Here’s how to identify and avoid some of the most common cycling mistakes to enhance your training and graduate from rookie rider to pro-cyclist.
Mistake 1) Overtraining
With any activity it’s easy to overdo it and take your training too far. Using professional cyclists as a model for training is one way to steer yourself into fatigue and injury. Professional riders push for hours on long rides. No matter how casual your ride is, your body isn’t going to have time to properly recover if that’s your training model.
Like every other intense activity you need to have recovery days, and those recovery days do not have to be spent on a bike. A day at the beach, bowling, movies with family, yard work – do something that doesn’t have you sweating your heart rate or sprawled on the couch.
Mistake 2) Fat, sugar and salt are your enemy
Speaking of lounging on the couch... When you live a sedentary lifestyle then taking in excess fat, sugar and salt will contribute to the wrong kind of weight gain because you’re taking in more calories than you’re burning.
However, when you’re cycling regularly each week these are all necessary to thrive. Without the energy from sugars, your legs won’t be able to go the distance for you. Minimize your salt intake and your body will retain a lot less water. Dehydration will ruin your performance.
Moderation is important; take in enough of each to keep your body fueled and running at its peak.
Mistake 3) Skip the bike fitting
It’s a common mistake with new cyclists to purchase their bike online. You get it home and adjust the saddle by how it feels. You eyeball it, feel like the fit is right, and then wonder why everything aches.
There’s no true science to getting a perfect with your bike; it can be a bit of an art form. That’s why it’s a good idea to see a professional fitter. They can help you focus on comfort and aerodynamics while also paying close attention to the contact points – your bottom, hands and feet - to maximize performance without sacrificing comfort.
A good, quality fit will help you avoid some of the most common injuries that riders experience.
Mistake 4) Neglecting bike handling skills
Anyone can learn how to ride fast in a straight line. It’s how you handle your bike when obstacles present themselves that counts. That includes things like hopping a curb or a small obstacle on the trail, taking a sharp corner, and even rubbing shoulders with other rides without falling into a crash.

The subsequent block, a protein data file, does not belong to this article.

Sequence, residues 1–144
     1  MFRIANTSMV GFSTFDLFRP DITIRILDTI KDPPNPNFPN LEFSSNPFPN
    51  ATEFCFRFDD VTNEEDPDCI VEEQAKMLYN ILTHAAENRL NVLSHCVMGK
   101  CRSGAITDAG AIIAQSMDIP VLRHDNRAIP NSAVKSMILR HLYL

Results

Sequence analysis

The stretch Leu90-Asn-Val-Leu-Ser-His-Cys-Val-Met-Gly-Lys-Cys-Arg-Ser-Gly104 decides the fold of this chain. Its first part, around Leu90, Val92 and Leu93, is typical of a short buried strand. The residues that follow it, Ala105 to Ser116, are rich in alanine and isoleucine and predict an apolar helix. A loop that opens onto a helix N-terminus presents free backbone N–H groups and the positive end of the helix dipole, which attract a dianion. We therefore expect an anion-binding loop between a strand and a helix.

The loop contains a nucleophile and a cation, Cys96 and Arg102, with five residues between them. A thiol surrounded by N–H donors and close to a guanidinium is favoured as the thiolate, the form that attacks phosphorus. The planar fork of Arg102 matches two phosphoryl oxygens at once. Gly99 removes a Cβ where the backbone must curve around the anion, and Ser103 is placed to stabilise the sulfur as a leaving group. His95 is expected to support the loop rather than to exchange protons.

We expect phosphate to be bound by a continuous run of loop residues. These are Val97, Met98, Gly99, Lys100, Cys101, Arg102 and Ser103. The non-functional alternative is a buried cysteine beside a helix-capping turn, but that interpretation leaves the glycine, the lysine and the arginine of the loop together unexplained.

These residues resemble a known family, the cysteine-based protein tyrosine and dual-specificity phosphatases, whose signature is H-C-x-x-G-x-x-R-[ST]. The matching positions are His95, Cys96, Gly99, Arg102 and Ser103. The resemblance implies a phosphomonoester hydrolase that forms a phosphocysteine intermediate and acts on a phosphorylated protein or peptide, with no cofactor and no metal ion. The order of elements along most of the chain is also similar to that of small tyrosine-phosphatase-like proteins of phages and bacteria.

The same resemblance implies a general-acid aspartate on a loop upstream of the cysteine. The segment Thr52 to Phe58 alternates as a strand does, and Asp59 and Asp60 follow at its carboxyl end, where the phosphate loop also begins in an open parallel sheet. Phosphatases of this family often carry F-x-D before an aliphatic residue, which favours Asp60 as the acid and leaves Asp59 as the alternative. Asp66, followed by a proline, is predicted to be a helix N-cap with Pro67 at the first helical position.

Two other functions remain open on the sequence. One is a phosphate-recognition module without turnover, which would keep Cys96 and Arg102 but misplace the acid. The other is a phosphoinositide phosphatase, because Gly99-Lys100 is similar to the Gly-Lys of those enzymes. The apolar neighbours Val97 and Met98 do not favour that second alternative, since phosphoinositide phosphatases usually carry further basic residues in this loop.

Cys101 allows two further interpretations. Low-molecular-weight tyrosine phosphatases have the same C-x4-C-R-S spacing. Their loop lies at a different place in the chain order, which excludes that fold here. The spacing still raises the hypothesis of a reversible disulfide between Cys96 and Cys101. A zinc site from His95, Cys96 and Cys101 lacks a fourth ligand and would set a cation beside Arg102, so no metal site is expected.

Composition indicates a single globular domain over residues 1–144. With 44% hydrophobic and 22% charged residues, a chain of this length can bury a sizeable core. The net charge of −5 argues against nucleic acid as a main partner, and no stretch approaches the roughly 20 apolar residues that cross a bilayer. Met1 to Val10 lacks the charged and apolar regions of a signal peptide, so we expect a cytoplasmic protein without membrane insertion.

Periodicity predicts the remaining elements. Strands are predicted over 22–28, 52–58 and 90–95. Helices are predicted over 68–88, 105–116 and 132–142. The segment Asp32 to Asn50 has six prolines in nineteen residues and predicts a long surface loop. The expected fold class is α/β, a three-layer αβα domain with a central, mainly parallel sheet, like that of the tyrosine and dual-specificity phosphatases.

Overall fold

The skills are easy to master with enough practice. Take short, casual rides on variable terrain with some other riders and ask them to help you practice things like curb hopping and rubbing shoulders. Repeated practice will help you think faster on the fly and stay upright.
We recommend connecting with other more experience riders in your area. RideNa offers a directory of coaches and trainers in the resource section. You can also find other professionals to help you dial into the perfect ride with mechanics and merchants as well.
Mistake 5) Ignoring your overall physical balance
Cycling is a two-dimensional activity. You’re working your legs continuously but the rest of your body rarely engaged. Depending on the frequency and duration of your rides you could damage your posture and wind up with a significant physical imbalance.
The easiest way to fix this is to work other activities into your routine. Yoga and other low impact/low to mid intensity activities are great for rest days where you’re not riding. Full-body activities and some additional cardio will also improve your endurance, giving you that extra push when you’re on your bike.
Mistake 6) Improper breaking
When you’re new to riding it’s a common mistake to want grab the breaks and grab them hard. New cyclists often ride the break through turns and corners. Either technique, especially breaking hard while banked at an angle, is most likely going to result in your bike locking up and a loss of control.
Braking is all about control. When approaching a turn brake early and in a gentle manner to shave off speed. Tune yourself so that you’re scanning farther ahead. This will give you more time to anticipate braking needs, and will help you avoid a sudden lock up that pitches you over the handlebars.
Mistake 7) Poor bike maintenance
Whether your bike was custom built by a local shop or imported from German, bikes are fairly simple machines. Don’t let their operation and the parts intimidate you. Pretty much every aspect of your bike can be maintained and adjusted at home with the right tools and little know-how.
Not only can you pick up maintenance tips from videos on YouTube, but making connections with experienced cyclists here on RideNa can provide you with pro-tips on bike maintenance when you get stuck.
Check your bike before you ride, maintain it after your ride, and store it so that it’s ready to go when you’re ready to go.
(Photo credits: revrider.wordpress.com; fineartamerica.com)